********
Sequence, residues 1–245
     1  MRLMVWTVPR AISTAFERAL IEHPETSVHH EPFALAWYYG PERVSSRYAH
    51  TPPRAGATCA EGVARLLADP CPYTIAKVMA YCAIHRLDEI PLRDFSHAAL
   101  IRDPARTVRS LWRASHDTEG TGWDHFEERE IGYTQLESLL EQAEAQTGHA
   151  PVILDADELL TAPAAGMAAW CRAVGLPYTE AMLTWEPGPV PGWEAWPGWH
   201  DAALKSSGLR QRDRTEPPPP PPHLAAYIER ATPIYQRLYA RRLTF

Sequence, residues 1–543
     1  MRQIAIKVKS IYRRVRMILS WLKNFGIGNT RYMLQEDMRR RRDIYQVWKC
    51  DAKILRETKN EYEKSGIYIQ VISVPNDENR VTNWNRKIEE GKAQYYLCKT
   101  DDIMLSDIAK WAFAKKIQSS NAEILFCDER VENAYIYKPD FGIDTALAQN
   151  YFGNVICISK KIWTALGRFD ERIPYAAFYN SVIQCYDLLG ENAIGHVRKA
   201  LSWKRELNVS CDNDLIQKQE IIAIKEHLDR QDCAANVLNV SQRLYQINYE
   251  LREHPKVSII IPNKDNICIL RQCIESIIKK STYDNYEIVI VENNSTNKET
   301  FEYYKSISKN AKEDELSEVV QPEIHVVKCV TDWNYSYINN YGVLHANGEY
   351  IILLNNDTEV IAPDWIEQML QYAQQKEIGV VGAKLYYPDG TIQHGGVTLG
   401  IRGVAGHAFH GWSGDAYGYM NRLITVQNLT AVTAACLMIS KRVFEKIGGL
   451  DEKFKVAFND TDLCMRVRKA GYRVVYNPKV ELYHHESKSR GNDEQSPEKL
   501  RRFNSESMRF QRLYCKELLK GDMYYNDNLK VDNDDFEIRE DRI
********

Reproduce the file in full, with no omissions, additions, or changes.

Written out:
Sequence, residues 1–245
     1  MRLMVWTVPR AISTAFERAL IEHPETSVHH EPFALAWYYG PERVSSRYAH
    51  TPPRAGATCA EGVARLLADP CPYTIAKVMA YCAIHRLDEI PLRDFSHAAL
   101  IRDPARTVRS LWRASHDTEG TGWDHFEERE IGYTQLESLL EQAEAQTGHA
   151  PVILDADELL TAPAAGMAAW CRAVGLPYTE AMLTWEPGPV PGWEAWPGWH
   201  DAALKSSGLR QRDRTEPPPP PPHLAAYIER ATPIYQRLYA RRLTF

Sequence, residues 1–543
     1  MRQIAIKVKS IYRRVRMILS WLKNFGIGNT RYMLQEDMRR RRDIYQVWKC
    51  DAKILRETKN EYEKSGIYIQ VISVPNDENR VTNWNRKIEE GKAQYYLCKT
   101  DDIMLSDIAK WAFAKKIQSS NAEILFCDER VENAYIYKPD FGIDTALAQN
   151  YFGNVICISK KIWTALGRFD ERIPYAAFYN SVIQCYDLLG ENAIGHVRKA
   201  LSWKRELNVS CDNDLIQKQE IIAIKEHLDR QDCAANVLNV SQRLYQINYE
   251  LREHPKVSII IPNKDNICIL RQCIESIIKK STYDNYEIVI VENNSTNKET
   301  FEYYKSISKN AKEDELSEVV QPEIHVVKCV TDWNYSYINN YGVLHANGEY
   351  IILLNNDTEV IAPDWIEQML QYAQQKEIGV VGAKLYYPDG TIQHGGVTLG
   401  IRGVAGHAFH GWSGDAYGYM NRLITVQNLT AVTAACLMIS KRVFEKIGGL
   451  DEKFKVAFND TDLCMRVRKA GYRVVYNPKV ELYHHESKSR GNDEQSPEKL
   501  RRFNSESMRF QRLYCKELLK GDMYYNDNLK VDNDDFEIRE DRI